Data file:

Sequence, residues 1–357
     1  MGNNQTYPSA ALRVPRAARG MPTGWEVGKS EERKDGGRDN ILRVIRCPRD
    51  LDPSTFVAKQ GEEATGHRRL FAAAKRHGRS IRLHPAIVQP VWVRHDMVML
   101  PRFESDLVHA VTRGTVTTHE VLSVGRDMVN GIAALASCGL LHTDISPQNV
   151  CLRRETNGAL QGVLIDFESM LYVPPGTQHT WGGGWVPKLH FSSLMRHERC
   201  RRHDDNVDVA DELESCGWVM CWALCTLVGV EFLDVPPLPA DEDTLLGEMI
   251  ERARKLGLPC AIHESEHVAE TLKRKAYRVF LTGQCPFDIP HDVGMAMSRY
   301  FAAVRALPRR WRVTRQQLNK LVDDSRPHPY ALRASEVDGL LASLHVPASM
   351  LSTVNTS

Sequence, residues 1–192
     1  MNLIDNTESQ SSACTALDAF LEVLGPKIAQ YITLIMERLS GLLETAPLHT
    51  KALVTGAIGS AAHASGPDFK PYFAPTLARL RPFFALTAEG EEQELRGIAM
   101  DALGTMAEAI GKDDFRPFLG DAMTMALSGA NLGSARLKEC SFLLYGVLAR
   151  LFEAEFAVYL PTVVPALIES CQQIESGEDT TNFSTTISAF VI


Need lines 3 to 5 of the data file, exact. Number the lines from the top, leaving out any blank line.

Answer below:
    51  LDPSTFVAKQ GEEATGHRRL FAAAKRHGRS IRLHPAIVQP VWVRHDMVML
   101  PRFESDLVHA VTRGTVTTHE VLSVGRDMVN GIAALASCGL LHTDISPQNV
   151  CLRRETNGAL QGVLIDFESM LYVPPGTQHT WGGGWVPKLH FSSLMRHERC